In 2014, Network Rail were reclassified as a public sector organisation and with it, a determination to re-evaluate their internal culture.
The difference in cultures between most public and private sector companies is vast, with public bodies typically adopting a more traditional and hierarchical approach while private companies have greater freedom to be flexible. Ask anyone who has made the switch from one to the other and they will tell you there is a considerable transition period.
This is borne out at Network Rail; since it joined the public sector in 2014 only 4 of 11 of their executive committee have been in post, with all the other exec posts having changed over. The same level of change at the top often occurs in companies when they become part of a plc through acquisition or a major project moves from development into construction delivery, when the focus and culture changes, there will be a corresponding change in staff as a result.
At the time of Network Rail’s impending switch to the public sector, David Higgins (then CEO) stated “My experience working in four different continents and 10 different countries has shown that the best performing, most resilient organisations are the ones that are open, inclusive and willing to challenge. This must be at the very heart of everything we do.”*
One of the first questions we are asked by candidates when we approach them is “what’s the culture of the company like?” The answer can speak volumes and significantly affect their level of interest in the opportunity. Coaching your company’s main interviewers to be ready for this question with a genuine, well-thought out answer can be a good differentiator when recruiting.
A positive internal culture, will result in a more engaged and productive workforce. With the right workplace culture, your staff will want to come to work each day. This in turn helps recruit top talent; if all your staff are positive ambassadors about how great the company is it rubs off on the potential talent pool.
So what does your culture say about you?
A recent study** shows that in this increasingly digital age, the need for a step away from the traditional structured workplace culture has never been more important. Over half of UK workers feel that a rigid culture is holding them back from reaching their full potential, with 53% warning they would consider looking elsewhere unless their organisation changes.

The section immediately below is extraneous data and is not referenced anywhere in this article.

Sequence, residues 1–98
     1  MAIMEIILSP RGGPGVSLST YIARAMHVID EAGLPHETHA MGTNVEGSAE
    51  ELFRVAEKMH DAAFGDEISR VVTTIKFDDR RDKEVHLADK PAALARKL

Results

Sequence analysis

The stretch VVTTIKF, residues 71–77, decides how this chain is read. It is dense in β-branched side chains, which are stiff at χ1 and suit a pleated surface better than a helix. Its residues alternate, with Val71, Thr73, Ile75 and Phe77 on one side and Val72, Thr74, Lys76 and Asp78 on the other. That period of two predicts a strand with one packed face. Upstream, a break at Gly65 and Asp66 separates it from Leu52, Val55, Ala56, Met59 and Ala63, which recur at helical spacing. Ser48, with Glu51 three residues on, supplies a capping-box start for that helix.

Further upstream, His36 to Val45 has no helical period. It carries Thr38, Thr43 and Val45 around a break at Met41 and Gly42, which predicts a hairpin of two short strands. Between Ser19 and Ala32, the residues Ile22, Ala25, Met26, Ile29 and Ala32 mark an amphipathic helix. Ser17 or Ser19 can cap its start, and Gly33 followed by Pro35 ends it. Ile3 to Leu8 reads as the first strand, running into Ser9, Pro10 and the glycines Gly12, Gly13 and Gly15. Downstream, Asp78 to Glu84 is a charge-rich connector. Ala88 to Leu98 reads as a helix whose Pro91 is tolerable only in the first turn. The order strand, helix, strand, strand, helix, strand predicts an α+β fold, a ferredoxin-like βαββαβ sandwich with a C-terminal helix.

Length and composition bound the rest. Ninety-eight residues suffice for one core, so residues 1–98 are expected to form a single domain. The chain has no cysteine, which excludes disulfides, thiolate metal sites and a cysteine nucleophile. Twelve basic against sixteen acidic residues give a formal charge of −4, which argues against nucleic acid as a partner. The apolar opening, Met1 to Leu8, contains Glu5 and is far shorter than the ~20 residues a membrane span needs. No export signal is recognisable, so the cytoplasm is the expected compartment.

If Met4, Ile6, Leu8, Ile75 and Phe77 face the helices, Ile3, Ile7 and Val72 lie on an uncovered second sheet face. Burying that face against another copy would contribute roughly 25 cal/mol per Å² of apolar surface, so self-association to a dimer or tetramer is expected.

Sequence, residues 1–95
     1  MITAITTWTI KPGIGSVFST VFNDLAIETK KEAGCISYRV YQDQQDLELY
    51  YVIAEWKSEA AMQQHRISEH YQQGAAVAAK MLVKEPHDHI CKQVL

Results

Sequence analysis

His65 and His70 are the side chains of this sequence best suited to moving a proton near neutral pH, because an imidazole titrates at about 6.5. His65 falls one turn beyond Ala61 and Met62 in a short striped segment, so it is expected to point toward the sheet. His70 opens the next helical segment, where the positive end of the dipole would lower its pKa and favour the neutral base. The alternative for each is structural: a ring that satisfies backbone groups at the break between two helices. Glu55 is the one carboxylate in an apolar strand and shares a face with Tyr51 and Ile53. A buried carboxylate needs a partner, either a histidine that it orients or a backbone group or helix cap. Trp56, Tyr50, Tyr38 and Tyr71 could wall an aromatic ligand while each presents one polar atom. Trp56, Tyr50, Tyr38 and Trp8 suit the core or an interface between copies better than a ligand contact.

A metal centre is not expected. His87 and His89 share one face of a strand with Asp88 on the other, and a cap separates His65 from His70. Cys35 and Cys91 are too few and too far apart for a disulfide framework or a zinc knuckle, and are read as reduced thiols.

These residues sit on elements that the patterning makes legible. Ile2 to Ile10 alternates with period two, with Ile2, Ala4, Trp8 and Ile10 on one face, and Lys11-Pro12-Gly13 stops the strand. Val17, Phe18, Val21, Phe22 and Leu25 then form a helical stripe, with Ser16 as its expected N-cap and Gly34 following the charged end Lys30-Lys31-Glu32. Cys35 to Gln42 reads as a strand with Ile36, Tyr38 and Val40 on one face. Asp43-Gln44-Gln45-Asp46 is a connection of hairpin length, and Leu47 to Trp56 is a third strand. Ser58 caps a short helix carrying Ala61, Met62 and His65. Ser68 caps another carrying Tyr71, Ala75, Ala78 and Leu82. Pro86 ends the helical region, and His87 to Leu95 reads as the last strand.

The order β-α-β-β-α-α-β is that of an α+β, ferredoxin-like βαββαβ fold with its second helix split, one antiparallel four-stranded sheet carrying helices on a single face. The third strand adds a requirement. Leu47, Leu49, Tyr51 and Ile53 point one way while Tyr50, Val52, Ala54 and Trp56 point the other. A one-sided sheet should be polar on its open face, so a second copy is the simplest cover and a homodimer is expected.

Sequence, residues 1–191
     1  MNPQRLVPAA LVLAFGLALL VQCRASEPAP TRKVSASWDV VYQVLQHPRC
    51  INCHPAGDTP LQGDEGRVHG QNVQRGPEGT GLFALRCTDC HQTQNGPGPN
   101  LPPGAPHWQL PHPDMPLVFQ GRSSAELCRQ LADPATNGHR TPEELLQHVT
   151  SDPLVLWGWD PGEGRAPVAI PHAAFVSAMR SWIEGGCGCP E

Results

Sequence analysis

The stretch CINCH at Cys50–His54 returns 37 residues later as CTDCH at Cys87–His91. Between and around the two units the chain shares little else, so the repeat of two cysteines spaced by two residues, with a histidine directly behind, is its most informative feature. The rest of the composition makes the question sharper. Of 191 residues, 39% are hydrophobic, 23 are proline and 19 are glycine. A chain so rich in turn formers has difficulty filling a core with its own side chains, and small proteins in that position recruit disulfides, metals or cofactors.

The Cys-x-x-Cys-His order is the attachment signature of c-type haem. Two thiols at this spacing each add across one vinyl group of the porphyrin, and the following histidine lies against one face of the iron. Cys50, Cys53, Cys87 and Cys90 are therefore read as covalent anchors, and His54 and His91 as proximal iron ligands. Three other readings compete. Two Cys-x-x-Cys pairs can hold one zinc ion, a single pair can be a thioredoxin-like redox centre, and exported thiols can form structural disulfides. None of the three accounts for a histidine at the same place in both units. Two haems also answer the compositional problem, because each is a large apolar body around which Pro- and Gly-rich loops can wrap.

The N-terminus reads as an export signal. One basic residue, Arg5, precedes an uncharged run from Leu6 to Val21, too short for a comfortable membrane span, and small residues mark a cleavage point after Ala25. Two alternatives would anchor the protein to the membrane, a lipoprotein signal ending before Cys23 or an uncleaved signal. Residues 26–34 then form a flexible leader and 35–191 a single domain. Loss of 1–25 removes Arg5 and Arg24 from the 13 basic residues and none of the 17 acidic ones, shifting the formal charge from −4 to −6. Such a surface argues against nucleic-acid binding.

When asked how they’d like to change their company culture, the top answer was more freedom and flexibility (35%) followed by more innovation and creativity (32%). Three quarters of employees say they would like more freedom at work.***
As the world moves further online, creativity and innovation is moving to the forefront of every companies agendas. Likewise, the internal culture should be adapting with it if you want to attract and retain innovative candidates to your senior roles.
While it is easy to say, that the companies of the future will all have bean bag chairs and slides à la Google, in reality this isn’t realistic. Particularly within the transport and infrastructure sectors which don’t have Google’s 26% profit margin. It isn’t a reasonable suggestion that a Construction Director on a multi-million pound major project can work flexible hours to fit in around their ping pong tournament back at head office.
This is even truer for public sector organisations where bureaucracy is unavoidable and necessary to a certain extent. Decisions can’t be made without higher approval as organisations are accountable to the public and must adhere to stricter levels of process. This will inevitably hinder innovation and spontaneity.
Clearly though, if transport and infrastructure companies are to remain competitive, some changes do need to be adopted and these changes need to come from the top.
Some potential quick wins that we see top employers in the sector focusing on include;
- Flexible working practices around home working. Having the right IT set-up to enable this to work well is often overlooked.
- Proactive talent management – moving good people around the organisation to provide a breadth of career opportunities, rather than looking at talent in silos.
- Meritocracy – promoting on ability not length of service. This is particularly important within some engineering based companies that have traditionally promoted on years of experience in the past.
- Recognition – recognising good performance publicly within the company and rewarding it through a bonus scheme.
- Transparency – regular, open and honest dialogue with all employees on the company’s future objectives and progress, particularly during periods of uncertainty. The transport and infrastructure sectors are always at risk from political change, by ensuring employees hear about major changes first from management, rather than via the industry press, can help retention significantly.
- Diversity – actively encouraging diversity within company.
- Focus on Culture Fit – by placing significant importance on the team fit and career motivations when recruiting, rather than solely on the skills fit, helps to continually improve the longevity of new recruits.
You’ve worked hard to attract and retain the best talent in the industry, so make use of them! Rome wasn’t built in a day and likewise a culture can’t be built or changed overnight. But in order to stay ahead of the game, it’s important to listen to what your employees want from a workplace and embrace an open working environment.
To discuss how we can help you find the most innovative and creative executive minds in the transport and infrastructure sectors click HERE